Category of infinite ordinals

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Category of infinite ordinals

Messaggioda Feanor il dom 1 mag 2016, 12:14

Let $\kappa$ be an infinite regular ordinal. Define $\Delta_\kappa$ to be the category of ordinals strictly smaller than $\kappa$ (i.e. the ordinals which are elements of $\kappa$, in von Neumann definition), with order-preserving maps as morphisms.

Question. Suppose $f\colon \alpha \to \beta$ is a monomorphism (resp. an epimorphism) of $\Delta_\kappa$. Is it true that necessarily $\alpha \leqslant \beta$ (resp. $\alpha \geqslant \beta$)?

Remark. It's easy to prove that monomorphisms are precisely injective order-preserving maps (resp. epimorphisms are precisely surjective oder-preserving maps), so let's assume that.
Feanor
 
Messaggi: 734
Iscritto il: lun 29 set 2008, 20:58

Re: Category of infinite ordinals

Messaggioda ineff il mar 27 giu 2017, 14:57

Let start by proving the first part of the question:
Suppose f \colon \alpha \to \beta is a monomorphism of $\Delta_k$ then $\alpha \leq \beta$.


We know that $f$ is injective and order preserving, by that it is easy to prove the claim: let \gamma be the greater ordinal between \alpha and \beta, clearly we have the two inclusion \alpha \hookrightarrow \gamma and \beta \hookrightarrow \gamma, so we can extend f to a map f' \colon \alpha \to \gamma (by composing f with the embedding of \beta in \gamma).

Clearly f' is still monotone and injective, being the composition of two monotone and injective morphisms, and by construction we know that \alpha \leq \gamma,
that is \alpha is an initial segment of \gamma.

We have to prove that for each \alpha&#39; \in \alpha (i.e. for each \alpha&#39; < \alpha) we have that f&#39;(\alpha&#39;) \geq \alpha&#39;.
We proceed by transfinite induction.

For \alpha&#39;=0 the claim is trivally true: f&#39;(0) \geq 0 because every ordinal is great or equal to 0.

Let assume that for every \alpha&#39;&#39; < \alpha&#39; \in \alpha we have that f&#39;(\alpha&#39;&#39;) \geq \alpha&#39;&#39;. Then we have that for each \alpha&#39;&#39;< \alpha&#39;

    f&#39;(\alpha&#39;) > f&#39;(\alpha&#39;&#39;) \geq \alpha&#39;&#39;
because of the monotonicity of f&#39; and the inductive hypothesis.

Now we distinguish between two cases:

  • if \alpha&#39;=\alpha&#39;&#39;+1 then we have that f&#39;(\alpha&#39;) > f&#39;(\alpha&#39;&#39;) \geq \alpha&#39;&#39; and so f&#39;(\alpha&#39;) \geq \alpha&#39;&#39;+1=\alpha&#39;
  • if \alpha&#39; is a limit ordinal then f&#39;(\alpha&#39;) > \alpha&#39;&#39; for each \alpha&#39;&#39; < \alpha&#39;, hence f&#39;(\alpha&#39;) \geq \sup\{\alpha&#39;&#39; \colon \alpha&#39;&#39; < \alpha&#39;\}=\alpha&#39;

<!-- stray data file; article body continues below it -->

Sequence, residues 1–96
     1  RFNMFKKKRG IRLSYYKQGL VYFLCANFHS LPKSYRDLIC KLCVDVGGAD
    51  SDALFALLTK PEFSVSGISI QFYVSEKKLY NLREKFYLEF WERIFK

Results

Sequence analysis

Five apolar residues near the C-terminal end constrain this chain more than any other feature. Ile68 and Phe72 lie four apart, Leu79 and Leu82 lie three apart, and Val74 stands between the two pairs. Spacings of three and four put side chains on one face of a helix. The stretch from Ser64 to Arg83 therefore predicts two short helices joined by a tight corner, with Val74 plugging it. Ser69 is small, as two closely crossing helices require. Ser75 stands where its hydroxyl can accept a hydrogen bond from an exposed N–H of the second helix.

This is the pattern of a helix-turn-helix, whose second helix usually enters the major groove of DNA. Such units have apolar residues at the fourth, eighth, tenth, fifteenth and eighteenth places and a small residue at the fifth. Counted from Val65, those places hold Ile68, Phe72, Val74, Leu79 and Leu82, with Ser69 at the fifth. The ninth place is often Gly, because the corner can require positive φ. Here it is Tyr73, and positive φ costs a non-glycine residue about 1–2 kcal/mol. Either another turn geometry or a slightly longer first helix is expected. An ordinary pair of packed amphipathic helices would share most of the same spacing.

whatever the case we always end up having f(\alpha&#39;) \geq \alpha&#39;, as we wished to prove.

By transfinite induction it follows that f&#39;(\alpha&#39;) \geq \alpha&#39; for every \alpha&#39; \in \alpha.
Since f&#39; has image contained in \beta this proves that for each \alpha&#39; \in \alpha we have that

    \alpha&#39; \leq f&#39;(\alpha&#39;) \in \beta
hence

    \alpha&#39; \in \beta
for each \alpha&#39; \in \alpha, that is \alpha \leq \beta and so by general fact of the ordinal \alpha \leq \beta.
Ultima modifica di ineff il mar 27 giu 2017, 16:15, modificato 1 volta in totale.
Con il giusto funtore si può risolvere ogni problema.
ineff
 
Messaggi: 186
Iscritto il: sab 17 apr 2010, 19:45

Re: Category of infinite ordinals

Messaggioda ineff il mar 27 giu 2017, 15:10

Now back to the second part of the question:

If f \colon \alpha \to \beta is an epimorphism in \Delta_k then \alpha \geq \beta.


By hypothesis f is an epimorphism, hence surjective and monotone. In particular this implies that for every \gamma_1,\gamma_2 \in \beta and every \alpha_1,\alpha_2 \in \alpha such that

  • \gamma_1 < \gamma_2
  • f(\alpha_1)=\gamma_1
  • f(\alpha_2)=\gamma_2
we have that \alpha_1 < \alpha_2: clearly \alpha_1 and \alpha_2 have to be different having different images via f, and if by absurd \alpha_2 < \alpha_1 this would imply that

    \gamma_2=f(\alpha_2) \geq f(\alpha_1) =\gamma_1
against the hypothesis that \gamma_1 < \gamma_2.

So we can consider the family of disjoint sets (f^{-1}(\{\gamma\}))_{\gamma \in \beta}, whose elements are not empty sets since f is surjective by hypothesis.
By axioms of choice we get a mapping

    g \colon \beta \to \bigcup_{\gamma \in \beta} f^{-1}(\{\gamma\}) \subseteq \alpha
such that for every \gamma \in \beta we have g(\gamma) \in f^{-1}(\{\gamma\}).

Whenever \gamma_1 < \gamma_2 we have f(g(\gamma_1))=\gamma_1 and f(g(\gamma_2))=\gamma_2 and so, by the previous remark, it follows that g(\gamma_1) < g(\gamma_2).

This implies that g \colon \beta \to \alpha is a strictly monotone map, i.e. a monomorphism, that by question 1 implies that \beta \leq \alpha.
Con il giusto funtore si può risolvere ogni problema.
ineff
 
Messaggi: 186
Iscritto il: sab 17 apr 2010, 19:45


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